In the world of professional studio equipment, the word ‘iconic’ tends to be reserved for the top end of town: beautiful pieces of vintage precision equipment, boasting the finest in premium components and assemblage, the likes of which have cultivated a fervent following amongst audio’s elite over the course of decades (and with the discography to prove it).
For the select few products that fall into this category, so much of their reputation, popularity and price tag has been built on a proven ability to provide consistent, replicable results, day in, day out, lending their pleasant sonic signature in ways that enhance and improve the overall recorded output.
It’s in this context that the story of the Yamaha NS-10 is made even more remarkable.
- Yamaha NS-10s are the benchmark for nearfield studio monitors due to their extremely unforgiving sound replication, the old adage holds true, if something sounds good on a pair of NS-10s, it’ll sound good almost anywhere.
- Originally designed as a home Hi-Fi speaker in Japan, it was through an American engineer, Greg Ladanyi, who first used them as reference monitors in his recording setup to mimic the sound of a consumer level audio system.
- Due to their unique design, their sound profile became legendary and have been used throughout recording and mixing studios around the globe since.
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Despite all odds, this ill-fated, notoriously unpleasant consumer grade hi-fi speaker has proven to be one of the most enduring mainstays in recording studio culture. Its singular voicing and instantly definable silhouette make it the most recognised Studio Monitor in the world, even some 20 years after being discontinued.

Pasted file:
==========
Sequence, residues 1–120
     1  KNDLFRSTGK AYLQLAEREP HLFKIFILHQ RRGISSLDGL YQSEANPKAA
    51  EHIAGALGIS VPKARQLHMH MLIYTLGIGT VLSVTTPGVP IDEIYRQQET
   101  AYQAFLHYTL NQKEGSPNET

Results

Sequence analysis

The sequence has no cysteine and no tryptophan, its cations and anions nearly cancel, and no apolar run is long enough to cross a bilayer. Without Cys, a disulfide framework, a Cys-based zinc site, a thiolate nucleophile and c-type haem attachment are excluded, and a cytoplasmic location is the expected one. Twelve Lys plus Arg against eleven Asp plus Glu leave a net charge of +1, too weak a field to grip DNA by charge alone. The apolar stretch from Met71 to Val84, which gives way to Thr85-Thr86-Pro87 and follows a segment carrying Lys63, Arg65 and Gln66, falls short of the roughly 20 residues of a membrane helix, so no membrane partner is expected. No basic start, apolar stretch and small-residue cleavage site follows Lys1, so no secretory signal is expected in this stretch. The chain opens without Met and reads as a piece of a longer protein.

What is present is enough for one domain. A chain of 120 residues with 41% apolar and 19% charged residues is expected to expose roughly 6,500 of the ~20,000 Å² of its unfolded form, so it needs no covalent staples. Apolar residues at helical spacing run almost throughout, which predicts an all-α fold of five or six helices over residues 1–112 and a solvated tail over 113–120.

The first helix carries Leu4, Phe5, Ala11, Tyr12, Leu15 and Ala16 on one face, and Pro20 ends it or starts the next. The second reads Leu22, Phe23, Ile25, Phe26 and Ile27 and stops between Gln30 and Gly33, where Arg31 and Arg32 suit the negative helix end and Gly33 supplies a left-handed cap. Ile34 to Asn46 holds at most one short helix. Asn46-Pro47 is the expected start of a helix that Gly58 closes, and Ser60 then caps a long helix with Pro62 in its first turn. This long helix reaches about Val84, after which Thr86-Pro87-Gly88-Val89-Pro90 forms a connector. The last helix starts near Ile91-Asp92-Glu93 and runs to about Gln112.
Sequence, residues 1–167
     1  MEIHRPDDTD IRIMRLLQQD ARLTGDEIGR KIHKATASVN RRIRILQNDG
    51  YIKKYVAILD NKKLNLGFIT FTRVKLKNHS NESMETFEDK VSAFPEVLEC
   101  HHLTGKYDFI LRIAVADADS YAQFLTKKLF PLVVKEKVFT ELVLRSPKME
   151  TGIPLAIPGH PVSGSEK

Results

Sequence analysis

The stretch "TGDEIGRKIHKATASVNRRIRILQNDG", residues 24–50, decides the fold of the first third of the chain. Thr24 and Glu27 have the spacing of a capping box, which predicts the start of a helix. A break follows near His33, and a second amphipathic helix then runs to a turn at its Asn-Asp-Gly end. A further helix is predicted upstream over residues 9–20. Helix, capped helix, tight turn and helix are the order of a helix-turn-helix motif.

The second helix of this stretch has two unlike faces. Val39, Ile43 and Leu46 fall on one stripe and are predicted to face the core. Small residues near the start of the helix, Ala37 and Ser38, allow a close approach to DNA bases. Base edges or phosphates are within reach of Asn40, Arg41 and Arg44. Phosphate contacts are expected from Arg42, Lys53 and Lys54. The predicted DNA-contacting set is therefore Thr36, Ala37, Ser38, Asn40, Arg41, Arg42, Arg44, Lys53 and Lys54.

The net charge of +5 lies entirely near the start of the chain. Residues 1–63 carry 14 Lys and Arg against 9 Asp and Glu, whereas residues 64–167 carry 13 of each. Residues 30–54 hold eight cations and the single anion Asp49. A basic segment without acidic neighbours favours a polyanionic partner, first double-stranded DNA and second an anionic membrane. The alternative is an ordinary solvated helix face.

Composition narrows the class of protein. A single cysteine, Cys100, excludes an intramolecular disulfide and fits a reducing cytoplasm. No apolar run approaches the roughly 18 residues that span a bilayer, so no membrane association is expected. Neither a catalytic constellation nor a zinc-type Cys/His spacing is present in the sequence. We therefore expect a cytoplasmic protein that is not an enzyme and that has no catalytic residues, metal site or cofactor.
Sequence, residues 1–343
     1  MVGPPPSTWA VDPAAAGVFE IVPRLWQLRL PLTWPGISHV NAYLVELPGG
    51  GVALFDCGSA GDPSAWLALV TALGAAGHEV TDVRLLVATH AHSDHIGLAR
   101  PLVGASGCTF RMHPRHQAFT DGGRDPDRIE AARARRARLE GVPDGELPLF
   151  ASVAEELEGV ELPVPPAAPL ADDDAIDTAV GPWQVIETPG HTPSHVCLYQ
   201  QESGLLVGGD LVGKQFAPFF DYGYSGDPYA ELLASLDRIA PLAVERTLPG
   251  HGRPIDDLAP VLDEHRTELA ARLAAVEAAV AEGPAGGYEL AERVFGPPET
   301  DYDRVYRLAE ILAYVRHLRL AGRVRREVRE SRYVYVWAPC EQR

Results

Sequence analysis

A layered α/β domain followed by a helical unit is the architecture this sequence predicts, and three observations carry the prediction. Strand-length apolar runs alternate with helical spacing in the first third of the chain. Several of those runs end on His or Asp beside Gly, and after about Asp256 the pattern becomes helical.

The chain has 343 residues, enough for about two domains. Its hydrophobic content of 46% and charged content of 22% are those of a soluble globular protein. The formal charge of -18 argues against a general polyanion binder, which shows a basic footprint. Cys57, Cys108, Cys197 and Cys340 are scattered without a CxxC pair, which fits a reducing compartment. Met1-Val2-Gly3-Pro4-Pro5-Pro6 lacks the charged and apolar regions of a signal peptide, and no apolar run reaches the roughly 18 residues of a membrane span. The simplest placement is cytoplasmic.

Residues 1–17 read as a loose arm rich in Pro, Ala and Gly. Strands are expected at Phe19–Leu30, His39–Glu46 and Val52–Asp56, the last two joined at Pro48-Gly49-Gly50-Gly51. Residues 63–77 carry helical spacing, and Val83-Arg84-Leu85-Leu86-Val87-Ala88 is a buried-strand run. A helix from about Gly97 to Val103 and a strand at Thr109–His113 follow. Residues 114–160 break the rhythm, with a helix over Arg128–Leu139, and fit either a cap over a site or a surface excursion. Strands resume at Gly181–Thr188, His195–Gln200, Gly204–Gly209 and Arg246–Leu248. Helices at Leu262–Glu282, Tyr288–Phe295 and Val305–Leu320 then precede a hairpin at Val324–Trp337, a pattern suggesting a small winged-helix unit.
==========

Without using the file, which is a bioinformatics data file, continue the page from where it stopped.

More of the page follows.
Chuck on any ‘behind the scenes’ documentary about a famous record from the last 50 years and odds are, you will see at least one of the gloss black, brutally angular wooden enclosures—accented by a wood pulp, white dyed LF driver of course—lurking somewhere in the background. It’s as synonymous with studio as the Stratocaster or Les Paul are with the guitar.
And yet, it is this aforementioned LF driver (if you can call it that) that is at the heart of why the NS-10 has become both an equally coveted, and criticised part of Studio lore. A debate no doubt exacerbated by the recent influx of interest in home recording and DIY production.
This difference in opinion seems to stem from what we as recording people hold to be self evident—that so much of the online commentary surrounding gear is based on anecdotal personal experience and hearsay. And as we all know in Audio, there are at least a hundred different variables influencing your experience at any one time.
In the case of the Yamaha NS-10, the fact that they are—(a) passive and (b) relatively scarce—almost immediately puts them in the too hard basket for a lot of beginner engineers, and even those who are brave enough to take the plunge are often left bemused or even humbled by their brutal, painfully revealing frequency response and rapid fire excursion/recoil properties.
NS-10’s don’t care for your ego. They don’t care for your enjoyment. If you are the kind of engineer fueled on good vibes and positive feedback from others in the room, then these aren’t for you. A healthy bump above 1kHz and a steep rolloff below 100hz ensures that anything running through them sounds immediately hi-passed and resonant, and yet it is in this unorthodox (at times unpleasant) voicing that so much of their value lies.
Moving the NS-10 from homes to studios
The brainchild of legendary Yamaha speaker designer Akira Nakamura, launched in 1978 to very little fanfare in Japan. It was a chance encounter with an American recording engineer by the name of Greg Ladanyi that plucked the NS-10 from relative obscurity and kickstarted its rise to industry dominance.
What Ladanyi was looking for was a speaker that would act as something of a real-world simulation of the average consumer listening environment, something to take back to the US as a reference (not primary) monitor.